Tuesday, December 22, 2015

Gratitude and Reflection

As Andrea and I have written about marriage we've done our best to keep the writing as accessible as possible. We even hesitated to use the word "marriage" because we didn't want to exclude committed couples that haven't gone through a ceremony or signed legal papers. Our goal in writing about relationship stuff has been, and continues to be, offering tools that we've found helpful. But the other night it occurred to me that one of the main things that has been helpful in our relationship has never been mentioned in our books or on this blog.

The reason it hasn't been mentioned is because it's prayer. Every night we pray together. But prayer is a religious practice and we didn't want to exclude from our audience those who aren't religious. But it occurred to me that there's something meaningful and helpful in what we've been doing all these years that doesn't require religion.*

The Practice

Every night as we get ready to sleep we'll reach out, hold hands, and say a short prayer. I start (mostly because that's the habit we fell into when we were first married), and Andrea will finish. We always begin with thanks for the day, recapping what happened, and sometimes remembering to share special events with each other. After we give thanks, we'll reflect on what's happening in our lives. We'll pray for friends and family in need, we'll ask for help with our own needs, or if things are going well, we'll be done. 

Sometimes we're tired and the only words we can get out are a simple statement of gratitude for the day. Sometimes we're hurting and we can't quite be thankful for what the day brought us. Sometimes one of us will be unable to be grateful, so the other will take over. And sometimes we fall asleep before we can pray together or we're apart for the night and can't make a phone call. 

But through all the years of our marriage we've made this nightly ritual a habit so that something feels off if we don't do it. 


A recent study has shown that the practice of gratitude in a relationship can predict the happiness of that relationship. Gratitude for each day, even the crappy ones, even the ones where grief is overwhelming, even the ones where tears stain your eyes, helps to build a strong, healthy relationship.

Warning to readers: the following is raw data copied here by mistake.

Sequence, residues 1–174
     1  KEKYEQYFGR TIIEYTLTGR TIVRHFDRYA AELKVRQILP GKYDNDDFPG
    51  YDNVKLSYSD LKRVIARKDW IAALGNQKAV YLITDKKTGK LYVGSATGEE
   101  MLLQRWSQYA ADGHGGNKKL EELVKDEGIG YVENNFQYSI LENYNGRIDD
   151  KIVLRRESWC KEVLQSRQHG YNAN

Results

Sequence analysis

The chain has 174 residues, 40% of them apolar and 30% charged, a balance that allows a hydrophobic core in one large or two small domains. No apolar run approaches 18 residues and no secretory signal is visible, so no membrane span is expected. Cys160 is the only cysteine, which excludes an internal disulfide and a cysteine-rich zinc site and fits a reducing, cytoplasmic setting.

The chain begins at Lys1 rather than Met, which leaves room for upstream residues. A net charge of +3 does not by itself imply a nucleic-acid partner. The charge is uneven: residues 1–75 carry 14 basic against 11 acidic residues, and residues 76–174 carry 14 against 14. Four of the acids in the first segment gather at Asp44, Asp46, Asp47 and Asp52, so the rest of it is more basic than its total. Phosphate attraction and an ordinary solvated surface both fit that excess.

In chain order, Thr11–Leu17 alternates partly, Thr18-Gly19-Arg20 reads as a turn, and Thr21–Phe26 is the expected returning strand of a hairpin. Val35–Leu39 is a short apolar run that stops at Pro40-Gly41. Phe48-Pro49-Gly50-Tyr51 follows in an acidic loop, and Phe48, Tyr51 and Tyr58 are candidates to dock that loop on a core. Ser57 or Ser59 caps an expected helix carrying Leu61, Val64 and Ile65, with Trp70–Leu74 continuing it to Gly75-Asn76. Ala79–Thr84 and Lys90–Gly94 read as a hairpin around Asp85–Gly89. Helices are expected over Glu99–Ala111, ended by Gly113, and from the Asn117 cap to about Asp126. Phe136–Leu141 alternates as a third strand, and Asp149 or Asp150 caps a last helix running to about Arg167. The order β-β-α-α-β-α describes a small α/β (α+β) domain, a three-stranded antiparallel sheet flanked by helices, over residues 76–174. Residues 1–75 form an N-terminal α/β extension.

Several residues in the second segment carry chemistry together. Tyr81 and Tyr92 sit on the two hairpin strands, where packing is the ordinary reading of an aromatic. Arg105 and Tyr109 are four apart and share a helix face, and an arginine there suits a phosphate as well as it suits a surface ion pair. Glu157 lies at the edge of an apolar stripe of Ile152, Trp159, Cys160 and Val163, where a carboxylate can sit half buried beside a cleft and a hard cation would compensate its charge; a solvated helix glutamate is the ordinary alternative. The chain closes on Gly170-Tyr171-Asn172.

Gratitude is the practice of being thankful. Sometimes that thanks is simply for having another day to live and breathe. Sometimes that thanks is for a great success, but other times the thanks is that the catastrophe didn't destroy us. 

Every day we remind each other that there is something to be thankful for. 


After gratitude, we reflect on what's happening in our lives. On the busiest of days when we've barely had a chance to talk, let alone share what we've been thinking and feeling, that moment of reflection might be all we get. As we're drifting off to sleep we'll share the joys and frustrations of the day, what's worrying us and what's making us giddy with anticipation. 

Reflection helps us to reconnect and to reestablish that we're both heading in the same direction. It reminds us of what's most important and what's trivial. Sometimes the reflection goes on and on when we've had a lot of fantastic experiences. Other times the reflection is somber grief, but every time the reflection is of how we are working together. 

Your Turn

As I said, you don't have to be religious to get the benefits of gratitude and reflection. What you do need to do is to speak the words aloud to each other. Simply tell your partner what you're grateful for and what you're focused on. 

Today I'm thankful for...
Today I'm focused on...
That's it. Just do that. Every day. I can't think of another practice in our relationship that has had a greater impact on its quality or our commitment. All of the other stuff that we do, that we've written about, has been in the context of gratitude and reflection.

*While religion is deeply important to us, we follow the teaching of Christ that we should love our neighbors. To us, it doesn't feel very loving to withhold help or put conditions on caring for people. If you want to know more about our religious beliefs, please ask us and we'd be happy to share, but because we're trying to put those beliefs into practice, we're not going to force them on anyone.  

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